Trainyard App Poster Image




Route trains to correct stations in this innovative stumper.

What parents need to know

Educational value

Kids can learn real railway concepts like switching track, train car merging, crossovers, and collisions. Geometrical concepts like symmetry and asymmetry, timing (based on counting squares), and color mixing make for a concept-packed experience. Levels named after Canadian provinces provide a bit of geography icing on the top. Though trains crash, kids won't be tempted to smash 'em up just for fun ('cuz it isn't). Trainyard is a superb combination of real-world learning and play for train enthusiasts or anyone who loves a challenge.

Ease of play

Short, text-heavy tutorials are spaced out throughout the game, appearing as new elements are introduced. The levels are well-designed to increase the difficulty gradually but steadily.

Violence & scariness

If the trains run off the tracks or into the wrong station, they "crash," but it's fairly abstract; all players see is a puff of smoke.

Sexy stuff
Not applicable
Not applicable

A "Rate It" button on the credits screen sends you to the App Store to submit a review. Occasionally when you start the game you will get a pop-up window requesting that you rate the game as well, but this can be ignored. Once in the App Store, it's possible to purchase additional apps.

Drinking, drugs, & smoking
Not applicable

Parents Need to Know

Parents need to know that Trainyard is a color-based puzzle game that is easy to learn but hard to master. The game is simple enough that a young child could play the easier levels, but the more advanced levels will challenge puzzle-loving adults. There is some connection to social media, particularly with submitting solutions, but that is optional (and requires a password for Facebook or Twitter access).

What's it about?

Kids create and test track configurations on a grid background until they find one that works. Trains run from outlet stations to goal stations at variable and easily controlled speeds. If the trains crash, players have to go "Back to the drawing board!" Double tap to switch connections, and use erase mode to get rid of unwanted track. Sometimes kids have to send their trains on an indirect path to merge or crossover at just the right time.

Is it any good?


TRAINYARD has a simple goal: get the color-coded trains from their outlets to their correct stations. Players draw tracks on the screen with a finger, and then send the trains on their way. However, as the game progresses players encounter new obstacles and techniques: combining trains to mix the colors, creating branching tracks that send trains into different directions, and stations that re-paint the trains into different colors. With short tutorials spaced out throughout the levels, Trainyard is very easy to learn and has a good learning curve. But with about 150 levels, the harder stages can stump even puzzle-loving adults.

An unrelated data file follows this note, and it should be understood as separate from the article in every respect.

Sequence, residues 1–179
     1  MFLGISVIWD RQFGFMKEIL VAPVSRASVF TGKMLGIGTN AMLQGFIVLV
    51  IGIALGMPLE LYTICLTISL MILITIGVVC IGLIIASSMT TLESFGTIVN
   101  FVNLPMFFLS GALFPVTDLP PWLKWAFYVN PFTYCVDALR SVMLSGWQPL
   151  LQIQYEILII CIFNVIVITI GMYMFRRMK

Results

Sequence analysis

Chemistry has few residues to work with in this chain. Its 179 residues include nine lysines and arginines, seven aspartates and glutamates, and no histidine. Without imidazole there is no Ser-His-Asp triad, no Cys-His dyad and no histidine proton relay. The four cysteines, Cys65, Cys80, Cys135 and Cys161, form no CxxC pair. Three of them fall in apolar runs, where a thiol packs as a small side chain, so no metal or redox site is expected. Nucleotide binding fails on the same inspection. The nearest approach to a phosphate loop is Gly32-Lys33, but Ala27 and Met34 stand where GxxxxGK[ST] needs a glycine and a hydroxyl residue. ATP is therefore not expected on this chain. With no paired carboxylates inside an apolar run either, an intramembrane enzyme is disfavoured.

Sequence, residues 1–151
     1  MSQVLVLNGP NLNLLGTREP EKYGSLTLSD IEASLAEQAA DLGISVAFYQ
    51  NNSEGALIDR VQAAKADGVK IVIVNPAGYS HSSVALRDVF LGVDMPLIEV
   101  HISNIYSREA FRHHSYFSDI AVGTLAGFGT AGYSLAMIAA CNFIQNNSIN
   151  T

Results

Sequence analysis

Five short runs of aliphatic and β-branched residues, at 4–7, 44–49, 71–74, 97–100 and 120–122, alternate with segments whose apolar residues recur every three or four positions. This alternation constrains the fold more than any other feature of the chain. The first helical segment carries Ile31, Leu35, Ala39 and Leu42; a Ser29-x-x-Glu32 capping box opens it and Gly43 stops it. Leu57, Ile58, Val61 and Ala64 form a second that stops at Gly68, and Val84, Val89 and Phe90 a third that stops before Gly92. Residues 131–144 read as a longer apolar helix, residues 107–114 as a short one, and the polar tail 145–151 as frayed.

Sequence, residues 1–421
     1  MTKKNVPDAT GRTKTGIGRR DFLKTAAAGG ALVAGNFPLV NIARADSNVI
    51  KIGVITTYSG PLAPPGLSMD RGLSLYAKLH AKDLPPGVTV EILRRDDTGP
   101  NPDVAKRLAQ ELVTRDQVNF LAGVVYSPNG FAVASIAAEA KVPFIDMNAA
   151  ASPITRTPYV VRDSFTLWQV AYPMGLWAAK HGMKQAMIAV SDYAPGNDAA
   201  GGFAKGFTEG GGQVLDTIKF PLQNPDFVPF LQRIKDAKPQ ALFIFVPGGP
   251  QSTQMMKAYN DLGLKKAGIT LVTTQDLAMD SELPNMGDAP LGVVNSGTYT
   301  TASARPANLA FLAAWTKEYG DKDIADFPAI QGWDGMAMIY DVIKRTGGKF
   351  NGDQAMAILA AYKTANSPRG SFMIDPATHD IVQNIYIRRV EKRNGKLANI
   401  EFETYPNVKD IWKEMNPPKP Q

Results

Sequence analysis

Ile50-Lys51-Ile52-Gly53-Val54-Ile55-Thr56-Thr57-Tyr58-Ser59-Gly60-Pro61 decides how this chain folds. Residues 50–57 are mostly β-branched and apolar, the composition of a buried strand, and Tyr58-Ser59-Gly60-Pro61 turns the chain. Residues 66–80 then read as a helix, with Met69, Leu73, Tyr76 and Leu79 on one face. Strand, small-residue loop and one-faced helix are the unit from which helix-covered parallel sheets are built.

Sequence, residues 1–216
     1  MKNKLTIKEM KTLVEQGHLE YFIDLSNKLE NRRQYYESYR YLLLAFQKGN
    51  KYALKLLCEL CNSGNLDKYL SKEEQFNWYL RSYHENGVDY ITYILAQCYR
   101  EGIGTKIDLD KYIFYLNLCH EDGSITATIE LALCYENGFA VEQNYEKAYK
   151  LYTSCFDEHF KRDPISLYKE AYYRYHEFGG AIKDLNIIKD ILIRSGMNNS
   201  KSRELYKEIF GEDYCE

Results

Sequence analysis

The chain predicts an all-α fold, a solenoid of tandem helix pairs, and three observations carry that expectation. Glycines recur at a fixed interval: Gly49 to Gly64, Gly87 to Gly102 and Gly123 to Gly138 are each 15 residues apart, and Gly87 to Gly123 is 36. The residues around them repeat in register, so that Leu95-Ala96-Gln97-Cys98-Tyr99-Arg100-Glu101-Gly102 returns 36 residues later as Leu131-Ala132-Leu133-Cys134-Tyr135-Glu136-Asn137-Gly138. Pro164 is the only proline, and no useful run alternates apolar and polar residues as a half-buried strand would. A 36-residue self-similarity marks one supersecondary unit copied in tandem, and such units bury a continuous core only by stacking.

The graphics are clean and attractive, and the interface is well-designed without a lot of distractions. There's even an option for color-blind players to label all the elements with letters. The game keeps track of the progress of two players, which is a nice touch, although it would be nice to be able to change the names on the profiles. All in all, Trainyard is a fantastic puzzle game that uses some basic ideas in a very innovative way that both children and adults can enjoy.

Families can talk about...

  • If your kids love trains, seek out books or documentary films about trains for them. If possible, take them to see a real train up close.

  • Make Trainyard a team effort. Let your kids take the lead and then help them come up with solutions when they get stuck.

App details

Devices:iPhone, iPod Touch, iPad, Android, Kindle Fire
Subjects:Science: engineering, motion
Math: counting, geometry
Skills:Thinking & Reasoning: analyzing evidence, applying information, hypothesis-testing, logic, prediction, solving puzzles
Creativity: combining knowledge, developing novel solutions
Pricing structure:Paid
Release date:September 1, 2011
Category:Puzzle Games
Size:7.70 MB
Publisher:Matt Rix
Minimum software requirements:iOS 3.0 or later; Android 2.2 and up

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What parents and kids say

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Teen, 14 years old Written bydr duck March 23, 2011

Marvolous puzzer is tricky, but fun to play.

Theese puzzles are not a bit easy and you will have to think to solve. But it is a fatastic puzzle game that is deffently worth a try.
What other families should know
Educational value
Adult Written byJinny Gudmundsen October 23, 2010
Love the progressively harder logic puzzles.
Kid, 10 years old September 27, 2013


This is a great puzzle app. Boredom is not a problem! Although the levels are really challenging when you get to the end.
What other families should know
Safety and privacy concerns


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